• Illumina, Inc. v. Ariosa Diagnostics, Inc. (N.D. Cal. 2018)

      U.S. District Court Judge Susan Illston stuck again on Christmas Eve, giving the biotech patent community a rhetorical lump of coal in their stocking by invalidating on summary judgment claims directed to methods for isolating cell-free fetal DNA from maternal DNA on the grounds that they are not patent-eligible under 35 U.S.C. § 101.

    • Why iPhone Sales Are—and Are Not—Banned In Two Countries
    • China launches appeal court for intellectual property right disputes

      China’s first ever appeal court for intellectual property disputes – a major bone of contention in the ongoing trade war with the US – will open for business in Beijing on Tuesday, the nation’s top court said on Saturday.
      The new body would handle cases that demanded “highly technical expertise”, Luo Dongchuan, vice-president of the Supreme People’s Court, which established the new body, told a press conference in the Chinese capital.
      The creation of the appeal court was the latest effort to protect intellectual property rights, inspire innovation and improve the business environment, said Luo, who will oversee its operations.

    • Copyrights

      • Metal Band Bans Photographer After Copyright Clash

        Metal band Arch Enemy has banned photographer J. Salmeron from shooting any future gigs. The band’s management was not amused when he alerted a clothing sponsor about the unauthorized use of his work. Apparently, the band sees ‘exposure’ as sufficient compensation. But what about people who pirate their latest album?

      • Philippines Could Revoke Licenses of ISPs That Help to Facilitate Piracy

        A new bill introduced in the Philippines could see local ISPs stripped of their licenses to operate if they provide access to sites that infringe or facilitate infringement of copyright. Citing threats posed by torrent, streaming, and cyberlocker sites, the bill requires ISPs to promptly disable access to “infringing online locations” or face serious consequences.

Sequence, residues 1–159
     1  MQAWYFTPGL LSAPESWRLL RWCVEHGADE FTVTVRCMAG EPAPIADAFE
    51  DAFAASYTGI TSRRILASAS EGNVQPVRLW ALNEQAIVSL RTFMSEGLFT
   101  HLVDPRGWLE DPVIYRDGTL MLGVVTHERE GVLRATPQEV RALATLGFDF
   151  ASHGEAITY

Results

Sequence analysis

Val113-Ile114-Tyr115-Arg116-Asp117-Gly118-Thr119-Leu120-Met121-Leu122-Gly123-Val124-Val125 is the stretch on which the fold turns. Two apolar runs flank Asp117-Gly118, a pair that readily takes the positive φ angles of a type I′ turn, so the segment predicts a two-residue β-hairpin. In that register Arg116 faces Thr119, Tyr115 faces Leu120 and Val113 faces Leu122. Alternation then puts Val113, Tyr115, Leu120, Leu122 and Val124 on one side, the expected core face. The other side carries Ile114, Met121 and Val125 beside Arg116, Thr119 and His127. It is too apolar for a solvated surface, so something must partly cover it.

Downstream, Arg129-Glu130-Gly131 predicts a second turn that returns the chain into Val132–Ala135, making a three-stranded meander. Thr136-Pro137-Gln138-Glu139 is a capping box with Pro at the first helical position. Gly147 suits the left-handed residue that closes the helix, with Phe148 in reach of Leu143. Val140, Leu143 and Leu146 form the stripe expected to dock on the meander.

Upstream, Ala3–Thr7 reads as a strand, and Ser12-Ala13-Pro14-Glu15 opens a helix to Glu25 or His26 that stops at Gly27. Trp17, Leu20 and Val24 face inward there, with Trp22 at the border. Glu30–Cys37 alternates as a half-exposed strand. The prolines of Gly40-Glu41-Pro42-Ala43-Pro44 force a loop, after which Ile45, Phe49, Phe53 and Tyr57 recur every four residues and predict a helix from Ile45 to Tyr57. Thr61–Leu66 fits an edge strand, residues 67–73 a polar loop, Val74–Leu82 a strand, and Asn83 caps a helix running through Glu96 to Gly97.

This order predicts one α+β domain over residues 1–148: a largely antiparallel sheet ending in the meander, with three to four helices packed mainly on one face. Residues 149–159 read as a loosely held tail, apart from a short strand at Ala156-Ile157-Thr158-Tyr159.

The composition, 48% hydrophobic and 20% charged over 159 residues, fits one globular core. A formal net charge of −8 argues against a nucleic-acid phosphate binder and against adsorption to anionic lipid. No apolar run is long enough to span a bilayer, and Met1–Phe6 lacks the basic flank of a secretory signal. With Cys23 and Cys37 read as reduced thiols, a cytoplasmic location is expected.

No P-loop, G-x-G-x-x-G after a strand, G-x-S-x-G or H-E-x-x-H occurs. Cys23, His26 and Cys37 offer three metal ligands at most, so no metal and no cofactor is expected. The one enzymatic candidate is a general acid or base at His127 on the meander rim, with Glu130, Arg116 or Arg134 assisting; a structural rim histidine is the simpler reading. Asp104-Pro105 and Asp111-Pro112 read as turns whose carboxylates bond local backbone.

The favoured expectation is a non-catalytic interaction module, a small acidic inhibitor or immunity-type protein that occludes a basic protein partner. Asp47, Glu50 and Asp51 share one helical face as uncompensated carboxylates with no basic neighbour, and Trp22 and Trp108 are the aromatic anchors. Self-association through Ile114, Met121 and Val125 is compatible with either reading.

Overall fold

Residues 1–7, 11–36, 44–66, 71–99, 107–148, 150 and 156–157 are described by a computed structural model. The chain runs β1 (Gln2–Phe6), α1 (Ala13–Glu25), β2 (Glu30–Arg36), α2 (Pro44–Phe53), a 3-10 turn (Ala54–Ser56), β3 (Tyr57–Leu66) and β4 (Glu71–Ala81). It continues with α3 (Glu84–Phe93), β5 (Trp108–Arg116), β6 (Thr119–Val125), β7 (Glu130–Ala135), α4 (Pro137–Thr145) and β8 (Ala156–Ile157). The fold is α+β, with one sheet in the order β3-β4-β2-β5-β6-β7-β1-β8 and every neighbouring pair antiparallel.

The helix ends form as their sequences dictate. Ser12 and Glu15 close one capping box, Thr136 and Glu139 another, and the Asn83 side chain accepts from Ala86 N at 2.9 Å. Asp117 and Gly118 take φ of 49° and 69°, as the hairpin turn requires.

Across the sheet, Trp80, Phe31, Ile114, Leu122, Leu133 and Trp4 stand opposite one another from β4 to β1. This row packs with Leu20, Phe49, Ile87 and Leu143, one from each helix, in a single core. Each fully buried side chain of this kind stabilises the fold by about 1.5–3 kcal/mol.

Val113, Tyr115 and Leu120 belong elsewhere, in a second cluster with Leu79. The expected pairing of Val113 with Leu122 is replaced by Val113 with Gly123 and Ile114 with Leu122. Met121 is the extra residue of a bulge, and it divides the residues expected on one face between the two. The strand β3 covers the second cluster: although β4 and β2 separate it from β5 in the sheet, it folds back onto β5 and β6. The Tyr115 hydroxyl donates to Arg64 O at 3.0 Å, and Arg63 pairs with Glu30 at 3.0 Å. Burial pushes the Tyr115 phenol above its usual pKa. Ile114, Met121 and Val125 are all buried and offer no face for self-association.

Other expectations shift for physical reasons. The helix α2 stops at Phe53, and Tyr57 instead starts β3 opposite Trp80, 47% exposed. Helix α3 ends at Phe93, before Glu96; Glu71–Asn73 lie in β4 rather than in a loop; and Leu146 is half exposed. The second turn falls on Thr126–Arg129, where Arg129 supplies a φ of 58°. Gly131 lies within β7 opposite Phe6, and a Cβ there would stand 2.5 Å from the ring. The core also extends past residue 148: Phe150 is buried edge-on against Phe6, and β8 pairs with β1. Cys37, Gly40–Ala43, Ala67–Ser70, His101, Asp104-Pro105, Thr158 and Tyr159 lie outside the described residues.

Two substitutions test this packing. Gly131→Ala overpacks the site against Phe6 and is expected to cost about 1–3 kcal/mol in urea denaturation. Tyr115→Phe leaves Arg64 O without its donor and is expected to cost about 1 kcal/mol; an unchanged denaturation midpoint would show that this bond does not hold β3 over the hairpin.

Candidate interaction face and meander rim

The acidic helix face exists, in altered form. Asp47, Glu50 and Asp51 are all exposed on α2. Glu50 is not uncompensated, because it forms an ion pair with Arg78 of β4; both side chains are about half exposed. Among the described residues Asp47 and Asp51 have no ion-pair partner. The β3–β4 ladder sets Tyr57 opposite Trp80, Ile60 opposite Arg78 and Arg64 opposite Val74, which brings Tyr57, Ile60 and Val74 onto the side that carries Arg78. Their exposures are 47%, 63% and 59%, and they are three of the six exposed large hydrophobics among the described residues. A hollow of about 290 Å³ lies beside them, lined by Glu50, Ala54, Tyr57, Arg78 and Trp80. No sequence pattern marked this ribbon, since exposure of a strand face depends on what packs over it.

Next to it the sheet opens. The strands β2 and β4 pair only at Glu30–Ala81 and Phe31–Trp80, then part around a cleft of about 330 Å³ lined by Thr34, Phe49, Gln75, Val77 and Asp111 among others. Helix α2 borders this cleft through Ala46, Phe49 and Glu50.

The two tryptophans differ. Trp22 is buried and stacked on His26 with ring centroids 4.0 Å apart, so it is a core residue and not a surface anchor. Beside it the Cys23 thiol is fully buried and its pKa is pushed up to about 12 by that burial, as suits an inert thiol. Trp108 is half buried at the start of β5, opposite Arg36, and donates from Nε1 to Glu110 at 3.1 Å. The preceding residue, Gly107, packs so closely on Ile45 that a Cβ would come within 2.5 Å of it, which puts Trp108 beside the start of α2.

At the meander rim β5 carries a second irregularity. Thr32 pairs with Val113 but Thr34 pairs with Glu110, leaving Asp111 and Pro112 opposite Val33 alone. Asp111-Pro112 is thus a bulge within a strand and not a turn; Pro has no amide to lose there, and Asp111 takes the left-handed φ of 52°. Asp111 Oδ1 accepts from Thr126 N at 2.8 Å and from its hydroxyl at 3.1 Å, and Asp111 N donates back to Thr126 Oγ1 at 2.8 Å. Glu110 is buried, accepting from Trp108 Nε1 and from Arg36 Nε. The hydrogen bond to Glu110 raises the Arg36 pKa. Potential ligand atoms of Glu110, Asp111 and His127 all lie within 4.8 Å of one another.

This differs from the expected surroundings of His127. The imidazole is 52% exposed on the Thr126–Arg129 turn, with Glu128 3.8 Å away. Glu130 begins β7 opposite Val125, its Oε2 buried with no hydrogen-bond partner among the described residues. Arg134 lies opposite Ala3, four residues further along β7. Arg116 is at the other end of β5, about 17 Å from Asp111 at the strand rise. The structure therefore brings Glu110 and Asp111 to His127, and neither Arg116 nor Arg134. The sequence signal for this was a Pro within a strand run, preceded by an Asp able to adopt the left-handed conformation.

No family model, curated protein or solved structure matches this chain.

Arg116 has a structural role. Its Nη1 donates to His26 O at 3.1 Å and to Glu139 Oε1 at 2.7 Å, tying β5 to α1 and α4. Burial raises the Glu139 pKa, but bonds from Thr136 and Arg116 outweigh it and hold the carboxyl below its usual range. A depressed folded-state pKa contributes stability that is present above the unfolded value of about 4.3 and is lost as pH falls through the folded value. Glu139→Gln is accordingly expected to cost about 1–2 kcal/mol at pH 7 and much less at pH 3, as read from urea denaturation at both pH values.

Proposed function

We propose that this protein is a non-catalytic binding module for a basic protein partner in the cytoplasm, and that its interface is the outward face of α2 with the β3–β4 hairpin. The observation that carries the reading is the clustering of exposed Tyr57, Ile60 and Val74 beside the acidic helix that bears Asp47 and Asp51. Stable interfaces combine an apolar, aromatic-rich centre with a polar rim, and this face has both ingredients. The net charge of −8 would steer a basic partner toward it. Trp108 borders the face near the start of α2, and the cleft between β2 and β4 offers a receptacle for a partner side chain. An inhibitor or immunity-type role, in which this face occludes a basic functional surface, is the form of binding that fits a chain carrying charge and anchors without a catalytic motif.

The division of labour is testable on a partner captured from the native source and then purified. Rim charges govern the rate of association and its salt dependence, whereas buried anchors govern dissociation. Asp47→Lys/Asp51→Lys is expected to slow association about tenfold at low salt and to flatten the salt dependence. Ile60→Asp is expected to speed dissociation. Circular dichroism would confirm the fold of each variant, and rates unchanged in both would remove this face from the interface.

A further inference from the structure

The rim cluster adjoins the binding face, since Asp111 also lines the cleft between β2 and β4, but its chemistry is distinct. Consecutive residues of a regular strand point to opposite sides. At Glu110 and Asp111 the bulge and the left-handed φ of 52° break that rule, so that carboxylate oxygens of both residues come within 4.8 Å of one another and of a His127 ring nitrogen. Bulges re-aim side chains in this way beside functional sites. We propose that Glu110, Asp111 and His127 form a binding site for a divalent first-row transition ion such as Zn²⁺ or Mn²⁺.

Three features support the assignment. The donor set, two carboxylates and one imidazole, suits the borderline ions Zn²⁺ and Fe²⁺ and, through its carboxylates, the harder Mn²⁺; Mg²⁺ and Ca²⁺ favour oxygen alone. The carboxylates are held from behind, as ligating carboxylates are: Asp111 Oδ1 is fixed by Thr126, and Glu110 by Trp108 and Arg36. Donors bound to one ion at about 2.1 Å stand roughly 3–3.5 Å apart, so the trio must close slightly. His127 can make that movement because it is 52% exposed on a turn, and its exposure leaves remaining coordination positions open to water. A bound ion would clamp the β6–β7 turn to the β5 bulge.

• Bryan Adams: Longer Copyright Term Enriches Intermediaries, Not Creators

        Following a new trade deal with the US and Mexico, Canada is set to expand its copyright term to 70 years after the creator’s death. According to the Canadian singer Bryan Adams, large intermediaries such as record labels stand to benefit the most, not creators themselves. He, therefore, calls for a simple change that would allow creators to terminate their copyright assignments after 25 years.

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    The rumour mill may still be humming along; but against all odds — as Chief GNUisance of the GNU Project — Stallman keeps fighting the good fight (in the face of growing resistance)



  23. Banning Former Microsoft Employees Who Complain About Microsoft Lies, Abuses and Crimes

    The official account of Windows Insider is banning people whom it never even spoke to; this seems like a way of 'punishing' people who are not 'true believers' in Microsoft



  24. Wikileaks: Thierry Breton May Have Misused Regulatory/Government Positions to Attack His Competition (in the Market)

    Thierry 'revolving doors' Breton as seen by the United States government



  25. 13 Years of UPC Promises

    The anatomy of UPC 'fake news' or lobbying tactics along the lines of self-fulfilling prophecies and false predictions



  26. Is Water Wet?

    The criteria for patent eligibility reduced only to this question: will allowing these patents increase ‘production’ (number of patent grants)?



  27. The EPO's President Admits He's Illegally Granting Software Patents (CII, 4IR, IoT, AI and Blockchain Mean Software Patents at the EPO)

    The EPO's chief liar is openly and proudly promoting software patents using buzzwords and hype waves (and mysterious acronyms that are rather meaningless but spread by the media in exchange for money received from the EPO)



  28. Tone Policing and the Linux Foundation

    A timely example of situations where the Linux Foundation can seemingly 'cancel' people (using the Code of Conduct) for political opinions



  29. It EEEsn't Just a Microsoft Thing Anymore

    The EEErosion of Python's independence is a known problem and Microsoft is not the sole culprit



  30. Links 1/12/2019: KDE's GTK CSD Support, Skrooge 2.21.0

    Links for the day